The graceful colour palette is dominated by neutral tones, which shine through in blush pinks and copper details, while blue and green accents highlight the colour of the sea outside. The theme continues to the resort’s airy and open public spaces, which – particularly at Vandhoo, the main restaurant – have been given a dramatic boost with details like wooden abacus separators, and bamboo ceiling beams, from which a cluster of basket pendant lights hang. “We really enjoyed the challenge of understanding the Maldivian spirit, the exotic climate and the island culture while creating a unique story with local materials and techniques, in a contemporary way,” says Autoban founding partner, Seyhan Özdemir Sarper. Tokyo-based Studio Glitt – the firm behind numerous Zuma restaurants from London to Abu Dhabi – meanwhile, is behind Saoke, the resort’s over-water Japanese restaurant. Here, its founder, Noriyoshi Muramatsu took his cues from a Japanese garden floating on the sea. This translates to swathes of timber and low-key concealed lighting that highlights carefully composed rocks, open water channels and a ceiling constructed from a jumble of wooden blocks that creates a dramatic Jenga-like effect. Arguably the best spot to indulge in one of the famous Maldivian sunsets, the restaurant has been smartly assembled so that all the tables face towards the view. “It was important to create a design that does not overshadow the beauty the Maldives has to offer,” explains Muramatsu.
Of course, along with the resort’s four main restaurants, which includes Italian eatery Bellinis, are a range of immersive experiences, from personalised culinary classes for guests to learn how to cook local Maldivian recipes, to a liquid nitrogen ice cream bar and artisanal chocolate store. There’s also a community table designed bespoke for Joali by American artist Misha Kahn, and a private dining space housed within the Manta Ray Treehouse, a dramatic sculpture perched among the treetops created by Cape Town-based artist Porky Hefer.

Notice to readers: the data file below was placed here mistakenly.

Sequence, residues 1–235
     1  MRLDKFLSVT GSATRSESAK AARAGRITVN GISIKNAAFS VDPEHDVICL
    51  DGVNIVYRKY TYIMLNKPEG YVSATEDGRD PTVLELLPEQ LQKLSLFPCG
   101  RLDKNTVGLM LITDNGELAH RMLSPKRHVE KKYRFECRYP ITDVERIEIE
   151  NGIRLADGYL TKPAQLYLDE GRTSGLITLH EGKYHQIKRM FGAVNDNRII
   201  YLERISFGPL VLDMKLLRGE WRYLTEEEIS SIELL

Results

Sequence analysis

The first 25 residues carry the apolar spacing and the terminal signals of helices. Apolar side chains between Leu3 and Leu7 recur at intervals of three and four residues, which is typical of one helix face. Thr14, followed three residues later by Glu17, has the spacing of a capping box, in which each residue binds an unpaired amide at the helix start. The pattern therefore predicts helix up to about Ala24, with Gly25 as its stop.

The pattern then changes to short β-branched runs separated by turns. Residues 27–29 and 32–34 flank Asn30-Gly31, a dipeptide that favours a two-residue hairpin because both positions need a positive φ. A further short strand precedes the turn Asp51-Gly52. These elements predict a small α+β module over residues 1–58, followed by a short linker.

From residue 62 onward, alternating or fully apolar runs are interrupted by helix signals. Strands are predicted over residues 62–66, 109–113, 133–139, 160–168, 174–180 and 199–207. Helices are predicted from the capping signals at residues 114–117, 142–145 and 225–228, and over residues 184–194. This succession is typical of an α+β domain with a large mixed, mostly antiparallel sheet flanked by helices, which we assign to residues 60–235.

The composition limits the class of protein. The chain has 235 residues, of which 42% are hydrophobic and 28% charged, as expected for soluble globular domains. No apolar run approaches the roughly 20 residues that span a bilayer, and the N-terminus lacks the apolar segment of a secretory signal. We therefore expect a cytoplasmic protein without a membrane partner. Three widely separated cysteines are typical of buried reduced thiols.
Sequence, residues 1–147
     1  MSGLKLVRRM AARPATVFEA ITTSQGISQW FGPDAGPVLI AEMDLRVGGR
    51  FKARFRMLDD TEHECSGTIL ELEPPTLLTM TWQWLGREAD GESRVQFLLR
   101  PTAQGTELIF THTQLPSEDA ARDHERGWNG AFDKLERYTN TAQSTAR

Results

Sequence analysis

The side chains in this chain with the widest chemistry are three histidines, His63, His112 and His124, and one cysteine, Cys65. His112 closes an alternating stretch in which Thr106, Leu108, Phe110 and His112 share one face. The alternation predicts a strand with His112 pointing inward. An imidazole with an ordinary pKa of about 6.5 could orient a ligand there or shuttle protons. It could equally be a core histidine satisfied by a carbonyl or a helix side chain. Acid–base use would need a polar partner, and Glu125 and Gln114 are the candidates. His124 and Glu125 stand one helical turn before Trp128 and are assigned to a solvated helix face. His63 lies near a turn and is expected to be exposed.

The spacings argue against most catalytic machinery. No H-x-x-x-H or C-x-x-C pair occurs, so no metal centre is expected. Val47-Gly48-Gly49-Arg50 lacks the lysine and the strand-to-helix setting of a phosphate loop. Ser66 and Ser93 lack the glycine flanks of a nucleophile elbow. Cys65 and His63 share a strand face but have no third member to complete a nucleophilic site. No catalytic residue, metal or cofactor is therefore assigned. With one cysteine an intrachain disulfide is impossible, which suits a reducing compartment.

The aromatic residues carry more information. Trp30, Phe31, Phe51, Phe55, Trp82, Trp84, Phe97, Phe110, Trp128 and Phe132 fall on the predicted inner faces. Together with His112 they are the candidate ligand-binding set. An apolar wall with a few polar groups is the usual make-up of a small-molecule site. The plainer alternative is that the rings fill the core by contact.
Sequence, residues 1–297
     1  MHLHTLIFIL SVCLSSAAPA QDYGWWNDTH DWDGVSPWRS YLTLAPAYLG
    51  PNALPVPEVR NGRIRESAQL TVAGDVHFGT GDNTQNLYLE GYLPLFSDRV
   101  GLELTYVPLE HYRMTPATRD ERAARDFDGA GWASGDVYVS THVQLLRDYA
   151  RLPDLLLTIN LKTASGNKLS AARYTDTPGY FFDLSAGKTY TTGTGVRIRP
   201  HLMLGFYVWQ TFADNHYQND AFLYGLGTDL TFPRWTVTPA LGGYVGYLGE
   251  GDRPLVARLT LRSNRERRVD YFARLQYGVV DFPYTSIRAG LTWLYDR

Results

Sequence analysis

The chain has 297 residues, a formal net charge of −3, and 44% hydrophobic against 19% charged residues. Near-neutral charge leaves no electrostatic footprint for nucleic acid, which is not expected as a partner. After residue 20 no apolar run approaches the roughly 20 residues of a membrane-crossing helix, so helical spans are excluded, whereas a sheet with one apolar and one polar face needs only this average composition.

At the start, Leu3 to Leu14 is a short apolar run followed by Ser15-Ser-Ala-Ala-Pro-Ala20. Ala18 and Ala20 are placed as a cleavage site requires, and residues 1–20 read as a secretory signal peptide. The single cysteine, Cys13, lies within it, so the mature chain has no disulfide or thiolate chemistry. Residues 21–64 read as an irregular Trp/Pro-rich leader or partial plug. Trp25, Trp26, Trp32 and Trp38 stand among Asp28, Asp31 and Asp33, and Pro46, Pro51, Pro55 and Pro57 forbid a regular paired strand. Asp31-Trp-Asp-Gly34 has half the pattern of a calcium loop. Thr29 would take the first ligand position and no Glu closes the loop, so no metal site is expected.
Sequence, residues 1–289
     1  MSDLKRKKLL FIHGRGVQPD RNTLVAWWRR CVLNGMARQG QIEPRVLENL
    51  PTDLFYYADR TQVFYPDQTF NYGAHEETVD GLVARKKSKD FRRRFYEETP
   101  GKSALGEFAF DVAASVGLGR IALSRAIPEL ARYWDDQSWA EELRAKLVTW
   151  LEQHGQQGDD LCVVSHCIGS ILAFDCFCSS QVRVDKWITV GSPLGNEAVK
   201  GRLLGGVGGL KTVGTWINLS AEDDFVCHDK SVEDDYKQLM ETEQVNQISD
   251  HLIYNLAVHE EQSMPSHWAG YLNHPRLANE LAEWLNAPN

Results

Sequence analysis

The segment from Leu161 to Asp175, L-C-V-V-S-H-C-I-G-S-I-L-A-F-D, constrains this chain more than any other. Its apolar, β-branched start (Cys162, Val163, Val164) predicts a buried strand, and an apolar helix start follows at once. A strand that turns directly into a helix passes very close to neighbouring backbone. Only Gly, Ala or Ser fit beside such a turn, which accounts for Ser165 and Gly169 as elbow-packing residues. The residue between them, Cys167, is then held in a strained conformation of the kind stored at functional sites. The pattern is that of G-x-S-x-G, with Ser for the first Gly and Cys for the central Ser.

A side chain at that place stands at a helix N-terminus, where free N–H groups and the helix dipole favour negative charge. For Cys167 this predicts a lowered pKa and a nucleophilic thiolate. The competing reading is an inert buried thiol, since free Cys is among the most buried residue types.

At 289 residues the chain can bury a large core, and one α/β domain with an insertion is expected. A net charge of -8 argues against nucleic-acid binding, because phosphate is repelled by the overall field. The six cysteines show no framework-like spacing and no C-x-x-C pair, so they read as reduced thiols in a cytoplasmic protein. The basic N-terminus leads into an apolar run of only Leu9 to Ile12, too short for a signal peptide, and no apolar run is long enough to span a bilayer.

The art is, in fact, one of the highlights at Joali. Curated by duo Zeynep Ercan and Asliala Onur of Istanbul-based outfit NoLab, specially commissioned pieces by an international roster of artists – from Nacho Carbonell to John Paul Phillip – can be found casually dotting the island with the aim, as the duo say, to “create an immersive experience”. US artist Chris Wolson’s playful terracotta chairs, for example, sit nonchalantly outside the gift shop, a colourful ceramic corral-like sculpture by LA-based Israeli artist Zemer Peled takes centrestage in the spa, and glass objects by Istanbul-based artist Feleksan Onar can be found in the guestrooms.
If that weren’t enough, diversions include snorkelling with manta rays, wakeboarding, and chartered yacht and dhoni excursions. Although, the best spot in the house is with a cocktail, besides the inky pool, whose organic shape has been defined by the seductive curves of the island.
Words: Lauren Ho
Imagery: Courtesy of Joali (unless otherwise stated)
This piece originally ran in Sleeper 82
Cover image: © Firat Meric